What Does The Endocannabinoid System Do?
The endocannabinoid system has many functions, all of which relate to three components: receptors, enzymes and endocannabinoids. Endocannabinoids are molecules that bind to receptors in our brain and are synthesized (and degraded) by enzymes. While many endocannabinoids and receptors remain undiscovered, science has begun to uncover many functions of the system as a whole.
The processes of the endocannabinoid system maintain homeostasis and promote various functions of the body, including:
- Cardiovascular Function
- Liver Function
- Reproductive System Function
- Motor Control
As you can see, the endocannabinoid system supports a variety of functions and plays an important role in the body. The ECS may even impact formative functions such as muscle formation and bone growth. While scientists are still learning about the endocannabinoid system, there are few key parts that are well-documented.
Parts Of The Endocannabinoid System Explained
As mentioned, the endocannabinoid system has three main parts: endocannabinoids, receptors and enzymes. Each of these parts has its own key function in the endocannabinoid system and plays a role in helping the body maintain homeostasis.
Key function: Maintaining homeostasis by binding to receptors.
A multitude of endocannabinoids may exist, but only two have been identified by scientists: anandamide (AEA) and 2-arachidonoylglycerol (2-AG). These molecules are produced by your body and are similar to cannabinoids, the type of molecule that THC and CBD are both classified as.
Key function: Synthesizing and breaking down endocannabinoids.
There are two main enzymes involved in the endocannabinoid system: fatty acid amide hydrolase and monoacylglycerol lipase. Both of these enzymes are key in breaking down endocannabinoids and are still being thoroughly studied by scientists.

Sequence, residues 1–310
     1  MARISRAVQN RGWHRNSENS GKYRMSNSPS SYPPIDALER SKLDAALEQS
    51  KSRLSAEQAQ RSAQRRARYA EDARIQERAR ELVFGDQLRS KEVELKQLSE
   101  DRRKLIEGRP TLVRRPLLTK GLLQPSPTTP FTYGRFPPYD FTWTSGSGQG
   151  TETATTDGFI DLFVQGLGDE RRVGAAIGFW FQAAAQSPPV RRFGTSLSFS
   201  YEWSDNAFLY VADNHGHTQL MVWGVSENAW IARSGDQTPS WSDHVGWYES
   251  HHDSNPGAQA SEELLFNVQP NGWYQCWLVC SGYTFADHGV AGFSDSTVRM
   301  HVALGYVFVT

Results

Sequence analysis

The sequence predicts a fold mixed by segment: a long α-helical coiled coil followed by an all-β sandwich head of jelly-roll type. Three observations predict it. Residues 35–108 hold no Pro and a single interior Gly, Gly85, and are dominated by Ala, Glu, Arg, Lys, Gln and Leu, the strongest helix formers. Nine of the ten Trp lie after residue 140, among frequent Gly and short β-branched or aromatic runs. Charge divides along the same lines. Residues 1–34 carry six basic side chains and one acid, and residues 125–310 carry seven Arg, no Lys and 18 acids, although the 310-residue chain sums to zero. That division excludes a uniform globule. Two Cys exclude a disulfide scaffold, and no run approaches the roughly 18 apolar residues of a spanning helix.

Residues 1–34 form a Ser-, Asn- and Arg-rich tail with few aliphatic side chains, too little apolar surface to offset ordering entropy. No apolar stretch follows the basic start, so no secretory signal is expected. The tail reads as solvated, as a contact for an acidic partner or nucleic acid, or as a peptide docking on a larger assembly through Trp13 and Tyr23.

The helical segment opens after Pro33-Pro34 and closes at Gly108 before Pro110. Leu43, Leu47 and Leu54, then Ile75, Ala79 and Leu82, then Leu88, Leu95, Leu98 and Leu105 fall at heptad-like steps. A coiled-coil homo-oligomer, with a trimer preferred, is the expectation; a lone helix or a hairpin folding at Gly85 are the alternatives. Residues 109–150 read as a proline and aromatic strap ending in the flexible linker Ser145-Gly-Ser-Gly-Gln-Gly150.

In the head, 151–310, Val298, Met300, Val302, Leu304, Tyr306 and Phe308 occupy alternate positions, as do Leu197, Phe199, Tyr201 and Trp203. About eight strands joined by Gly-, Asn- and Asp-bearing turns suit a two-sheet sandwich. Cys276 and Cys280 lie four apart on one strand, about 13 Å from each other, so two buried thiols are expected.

Key function: Bind with cannabinoids to alert the endocannabinoid system to target different parts of the body and help regulate those areas.
The main endocannabinoid receptors are CB1 receptors and CB2 receptors. These receptors are functionally similar, but CB1 receptors are found in the central nervous system, while CB2 receptors are usually in the peripheral nervous system.
How does CBD affect the endocannabinoid system?
While CBD itself is not an endocannabinoid, it actually stimulates the endocannabinoid system, which produces effects such as pain relief, stress relief and more. It’s believed that CBD directly interacts with endocannabinoid receptors, but this relationship is still being explored. While there is still an on-going journey to define the endocannabinoid system in full detail, its importance is crystal clear.
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